Forgetful functor

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In mathematics, in the area of category theory, a forgetful functor (also known as a stripping functor) 'forgets' or drops some or all of the input's structure or properties 'before' mapping to the output. For an algebraic structure of a given signature, this may be expressed by curtailing the signature: the new signature is an edited form of the old one. If the signature is left as an empty list, the functor is simply to take the underlying set of a structure. Because many structures in mathematics consist of a set with an additional added structure, a forgetful functor that maps to the underlying set is the most common case.

Introduction[edit]

As examples, there are several forgetful functors from the category of commutative rings. A (unital) ring, described in the language of universal algebra, is an ordered tuple (R,+,*,a,0,1) satisfying certain axioms, where "+" and "*" are binary functions on the set R, a is a unary operation corresponding to additive inverse, and 0 and 1 are nullary operations giving the identities of the two binary operations. Deleting the 1 gives a forgetful functor to the category of rings without unit; it simply "forgets" the unit. Deleting "*" and 1 yields a functor to the category of abelian groups, which assigns to each ring R the underlying additive abelian group of R. To each morphism of rings is assigned the same function considered merely as a morphism of addition between the underlying groups. Deleting all the operations gives the functor to the underlying set R.

It is beneficial to distinguish between forgetful functors that "forget structure" versus those that "forget properties". For example, in the above example of commutative rings, in addition to those functors that delete some of the operations, there are functors that forget some of the axioms. There is a functor from the category CRing to Ring that forgets the axiom of commutativity, but keeps all the operations. Occasionally the object may include extra sets not defined strictly in terms of the underlying set (in this case, which part to consider the underlying set is a matter of taste, though this is rarely ambiguous in practice). For these objects, there are forgetful functors that forget the extra sets that are more general.

Most common objects studied in mathematics are constructed as underlying sets along with extra sets of structure on those sets (operations on the underlying set, privileged subsets of the underlying set, etc.) which may satisfy some axioms. For these objects, a commonly considered forgetful functor is as follows. Let \mathcal{C} be any category based on sets, e.g. groups - sets of elements - or topological spaces - sets of 'points'. As usual, write \operatorname{Ob}(\mathcal{C}) for the objects of \mathcal{C} and write \operatorname{Fl}(\mathcal{C}) for the morphisms of the same. Consider the rule:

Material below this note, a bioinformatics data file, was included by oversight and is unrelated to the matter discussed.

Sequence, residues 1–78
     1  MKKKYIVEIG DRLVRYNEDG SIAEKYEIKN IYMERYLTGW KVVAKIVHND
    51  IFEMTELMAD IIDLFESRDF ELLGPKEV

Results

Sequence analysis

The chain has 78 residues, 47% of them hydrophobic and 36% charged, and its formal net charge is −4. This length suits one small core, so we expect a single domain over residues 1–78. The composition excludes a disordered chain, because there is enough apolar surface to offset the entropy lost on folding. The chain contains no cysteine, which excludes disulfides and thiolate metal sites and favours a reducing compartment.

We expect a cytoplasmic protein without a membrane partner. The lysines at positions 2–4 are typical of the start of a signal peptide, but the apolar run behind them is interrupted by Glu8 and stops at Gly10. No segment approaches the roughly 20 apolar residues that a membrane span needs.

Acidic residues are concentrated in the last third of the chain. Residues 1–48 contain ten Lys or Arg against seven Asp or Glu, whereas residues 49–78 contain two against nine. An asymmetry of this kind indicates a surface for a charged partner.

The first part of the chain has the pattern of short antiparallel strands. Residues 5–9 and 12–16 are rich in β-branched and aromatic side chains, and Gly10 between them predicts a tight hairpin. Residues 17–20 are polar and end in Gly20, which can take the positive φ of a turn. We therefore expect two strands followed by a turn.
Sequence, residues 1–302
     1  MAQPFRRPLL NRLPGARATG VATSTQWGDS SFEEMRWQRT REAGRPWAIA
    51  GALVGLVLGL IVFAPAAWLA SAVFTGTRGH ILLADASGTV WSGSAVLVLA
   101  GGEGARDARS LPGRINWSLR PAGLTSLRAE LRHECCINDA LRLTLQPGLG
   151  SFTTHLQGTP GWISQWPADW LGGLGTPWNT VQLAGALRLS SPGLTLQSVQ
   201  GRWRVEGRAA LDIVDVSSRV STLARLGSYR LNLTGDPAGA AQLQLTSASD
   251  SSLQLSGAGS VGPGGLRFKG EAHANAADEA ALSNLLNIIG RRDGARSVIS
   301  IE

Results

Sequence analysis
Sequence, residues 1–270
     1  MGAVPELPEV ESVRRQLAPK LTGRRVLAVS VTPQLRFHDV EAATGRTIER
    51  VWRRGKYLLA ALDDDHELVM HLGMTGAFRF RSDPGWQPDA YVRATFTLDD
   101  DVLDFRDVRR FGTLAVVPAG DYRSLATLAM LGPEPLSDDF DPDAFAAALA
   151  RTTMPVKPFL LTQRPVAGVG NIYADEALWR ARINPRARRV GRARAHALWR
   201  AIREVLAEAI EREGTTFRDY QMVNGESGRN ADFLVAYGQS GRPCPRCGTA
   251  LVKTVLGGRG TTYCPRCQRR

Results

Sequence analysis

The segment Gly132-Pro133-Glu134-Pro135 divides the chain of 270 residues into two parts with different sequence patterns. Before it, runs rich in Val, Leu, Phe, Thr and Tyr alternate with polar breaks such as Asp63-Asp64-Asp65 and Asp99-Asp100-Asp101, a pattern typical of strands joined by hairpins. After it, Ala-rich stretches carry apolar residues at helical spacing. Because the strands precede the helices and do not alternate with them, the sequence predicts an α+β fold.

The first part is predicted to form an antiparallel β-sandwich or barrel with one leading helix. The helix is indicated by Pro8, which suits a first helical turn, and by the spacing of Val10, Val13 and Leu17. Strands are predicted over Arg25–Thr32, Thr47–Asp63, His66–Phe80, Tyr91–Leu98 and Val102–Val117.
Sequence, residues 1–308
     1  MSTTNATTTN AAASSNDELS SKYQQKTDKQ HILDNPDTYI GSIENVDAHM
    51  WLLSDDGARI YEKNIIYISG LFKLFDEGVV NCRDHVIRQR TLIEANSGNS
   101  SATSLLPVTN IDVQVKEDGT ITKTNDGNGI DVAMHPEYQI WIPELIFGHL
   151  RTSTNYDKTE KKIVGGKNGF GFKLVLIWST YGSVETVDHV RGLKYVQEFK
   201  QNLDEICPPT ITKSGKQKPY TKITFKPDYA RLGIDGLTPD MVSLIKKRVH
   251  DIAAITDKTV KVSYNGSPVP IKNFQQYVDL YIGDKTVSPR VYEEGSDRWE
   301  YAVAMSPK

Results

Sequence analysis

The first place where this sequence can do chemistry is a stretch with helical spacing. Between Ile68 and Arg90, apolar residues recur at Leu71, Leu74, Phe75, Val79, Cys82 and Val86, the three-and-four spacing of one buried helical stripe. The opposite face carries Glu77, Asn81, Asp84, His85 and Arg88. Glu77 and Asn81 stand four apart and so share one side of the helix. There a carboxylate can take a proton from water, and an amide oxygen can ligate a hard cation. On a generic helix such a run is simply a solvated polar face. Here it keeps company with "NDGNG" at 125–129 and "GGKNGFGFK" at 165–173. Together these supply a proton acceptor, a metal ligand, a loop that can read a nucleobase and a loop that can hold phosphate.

A in \operatorname{Ob}(\mathcal{C}),\quad A\mapsto |A|= the underlying set of A,
u in \operatorname{Fl}(\mathcal{C}),\quad u\mapsto |u|= the morphism, u, as a map of sets.

The functor |\;\;| is then the forgetful functor from \mathcal{C} to \mathbf{Set}, the category of sets.

Forgetful functors are almost always faithful. Concrete categories have forgetful functors to the category of sets—indeed they may be defined as those categories that admit a faithful functor to that category.

Forgetful functors that only forget axioms are always fully faithful; every morphism that respects the structure between objects that satisfy the axioms automatically also respects the axioms. Forgetful functors that forget structures need not be full; some morphisms don't respect the structure. These functors are still faithful though; distinct morphisms that do respect the structure are still distinct when the structure is forgotten. Functors that forget the extra sets need not be faithful; distinct morphisms respecting the structure of those extra sets may be indistinguishable on the underlying set.

In the language of formal logic, a functor of the first kind removes axioms. The second kind removes predicates. The third kind remove types.

An example of the first kind is the forgetful functor AbGrp. One of the second kind is the forgetful functor AbSet. A functor of the third kind is the functor ModAb, where Mod is the fibred category of all modules over arbitrary rings. To see this, just choose a ring homomorphism between the underlying rings that does not change the ring action. Under the forgetful functor, this morphism yields the identity. Note that an object in Mod is a tuple, which includes a ring and an abelian group, so which to forget is a matter of taste.

Left Adjoint: Free[edit]

Forgetful functors tend to have left adjoints, which are 'free' constructions. For example:

For a more extensive list, see (Mac Lane 1997).

As this is a fundamental example of adjoints, we spell it out: adjointness means that given a set X and an object (say, an R-module) M, maps of sets X \to M correspond to maps of modules \operatorname{Free}_R(X) \to M: every map of sets yields a map of modules, and every map of modules comes from a map of sets.

In the case of vector spaces, this is summarized as: "A map between vector spaces is determined by where it sends a basis, and a basis can be mapped to anything."

Symbolically:

\operatorname{Hom}_{\mathbf{Mod}_R}(\operatorname{Free}_R(X),M) = \operatorname{Hom}_{\mathbf{Set}}(X,\operatorname{Forget}(M)).

The unit of the free-forget adjunction is the "inclusion of a basis": X \to \operatorname{Free}_R(X).

Fld, the category of fields, furnishes an example of a forgetful functor with no adjoint. There is no field satisfying a free universal property for a given set.

References[edit]